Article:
Advertisement

Canada, Japan, Mexico, others ratify successor to failed TPP

By
Nicholas Sakelaris
The Comprehensive and Progressive Agreement for Trans-Pacific Partnership was ratified Sunday by seven of the 11 nations to the trade deal. File Photo by Wallace Woon/EPA-EFE
The Comprehensive and Progressive Agreement for Trans-Pacific Partnership was ratified Sunday by seven of the 11 nations to the trade deal. File Photo by Wallace Woon/EPA-EFE

Dec. 31 (UPI) -- A new 11-nation trade deal -- replacing the controversial and ill-fated Trans-Pacific Partnership -- has taken effect without the United States.

President Donald Trump withdrew the United States from the TPP last year as he broke from Obama-era trade practices. Its replacement, the Comprehensive and Progress Agreement for Trans-Pacific Partnership, was ratified and took effect Sunday.

Advertisement

The free trade pact was signed by Australia, Canada, Japan, Mexico, New Zealand, Singapore and Vietnam. Four other countries, Brunei, Chili, Malaysia and Peru, are expected to sign-on soon.

"The opportunities are vast, from more Victorian wine and cheese being enjoyed on the slopes of Whistler, Canada, to more New South Wales prime beef being served up in Japan's world-class restaurants," Australian Trade Minister Simon Birmingham said.

RELATED Cow bound for slaughter escapes on New Jersey highway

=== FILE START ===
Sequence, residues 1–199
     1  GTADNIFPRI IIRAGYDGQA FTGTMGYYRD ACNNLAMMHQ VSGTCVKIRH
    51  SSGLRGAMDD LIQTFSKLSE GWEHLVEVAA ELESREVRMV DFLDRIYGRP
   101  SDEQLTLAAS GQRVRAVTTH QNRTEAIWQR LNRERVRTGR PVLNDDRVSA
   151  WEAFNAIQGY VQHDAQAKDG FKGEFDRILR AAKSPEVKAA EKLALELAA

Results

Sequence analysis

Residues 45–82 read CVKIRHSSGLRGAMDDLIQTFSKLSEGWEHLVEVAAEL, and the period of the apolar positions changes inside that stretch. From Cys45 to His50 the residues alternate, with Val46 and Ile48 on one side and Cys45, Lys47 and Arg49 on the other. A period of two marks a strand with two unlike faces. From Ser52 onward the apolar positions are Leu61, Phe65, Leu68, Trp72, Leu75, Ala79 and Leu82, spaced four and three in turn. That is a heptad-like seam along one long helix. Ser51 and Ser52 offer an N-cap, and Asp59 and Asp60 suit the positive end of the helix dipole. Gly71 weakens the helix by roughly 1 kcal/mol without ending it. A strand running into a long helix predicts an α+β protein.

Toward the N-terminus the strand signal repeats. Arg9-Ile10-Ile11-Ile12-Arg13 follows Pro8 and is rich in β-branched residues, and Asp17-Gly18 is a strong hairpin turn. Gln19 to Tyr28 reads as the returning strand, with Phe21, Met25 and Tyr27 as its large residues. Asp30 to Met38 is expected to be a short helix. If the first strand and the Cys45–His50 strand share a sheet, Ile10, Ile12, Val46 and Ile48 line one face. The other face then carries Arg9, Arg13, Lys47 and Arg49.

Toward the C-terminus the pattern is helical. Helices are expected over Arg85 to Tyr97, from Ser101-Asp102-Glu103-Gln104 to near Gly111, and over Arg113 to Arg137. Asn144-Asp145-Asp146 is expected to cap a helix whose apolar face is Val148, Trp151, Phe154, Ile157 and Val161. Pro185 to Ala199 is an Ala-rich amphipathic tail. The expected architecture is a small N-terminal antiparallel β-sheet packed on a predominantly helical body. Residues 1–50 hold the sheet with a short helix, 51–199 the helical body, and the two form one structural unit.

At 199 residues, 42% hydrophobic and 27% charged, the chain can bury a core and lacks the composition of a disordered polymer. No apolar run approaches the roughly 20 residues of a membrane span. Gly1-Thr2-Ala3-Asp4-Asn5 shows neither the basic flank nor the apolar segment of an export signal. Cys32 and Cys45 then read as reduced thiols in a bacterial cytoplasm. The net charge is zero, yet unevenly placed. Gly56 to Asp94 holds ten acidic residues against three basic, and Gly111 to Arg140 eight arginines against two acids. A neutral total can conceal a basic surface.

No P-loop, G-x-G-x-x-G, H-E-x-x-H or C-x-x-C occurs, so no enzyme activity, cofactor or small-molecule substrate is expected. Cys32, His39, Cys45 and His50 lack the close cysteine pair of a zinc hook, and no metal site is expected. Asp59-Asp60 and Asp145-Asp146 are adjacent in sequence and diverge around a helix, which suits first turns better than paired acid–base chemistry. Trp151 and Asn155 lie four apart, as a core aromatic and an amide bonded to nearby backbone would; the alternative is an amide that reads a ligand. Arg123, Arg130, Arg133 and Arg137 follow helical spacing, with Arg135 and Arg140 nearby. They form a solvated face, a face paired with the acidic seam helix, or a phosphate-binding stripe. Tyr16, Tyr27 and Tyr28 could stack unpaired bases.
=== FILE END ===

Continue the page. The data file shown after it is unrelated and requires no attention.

Trump said joining the deal wouldn't have been good for the United States because it increases the trade deficit and sends jobs oversees. The final CPTPP agreement retains all but 22 of the more than 1,000 provisions in the original TPP, led by former President Barack Obama.

Under the new deal, Japanese tariffs on Australian beef will be cut 27.5 percent, making U.S. beef less competitive.

Advertisement

"The U.S. beef industry is at risk of losing significant market share in Japan unless immediate action is taken to level the playing field," National Cattlemen's Beef Association President Kevin Kester said.

RELATED Donald Trump blames Democrats for deaths of 2 children at border

Japanese wheat imports from Canada and Australia will also fall in price (about 7 percent) under the CPTPP, putting more pressure on American farmers. U.S. Wheat Associates President Vince Peterson said the price disadvantage could be as high as $14 per metric ton, and the industry faces an "imminent collapse" in Japan.

"I've never seen such nervousness in the U.S. business community as I see now," consultant Steve Okun, senior adviser at McLarty Associates, told CNBC. "There's a sense that "the world is moving forward without us."

Trump has been pressuring Japan for a new free trade deal with the United States.

RELATED Lindsey Graham: Border compromise 'might save the day in the Senate'

Latest Headlines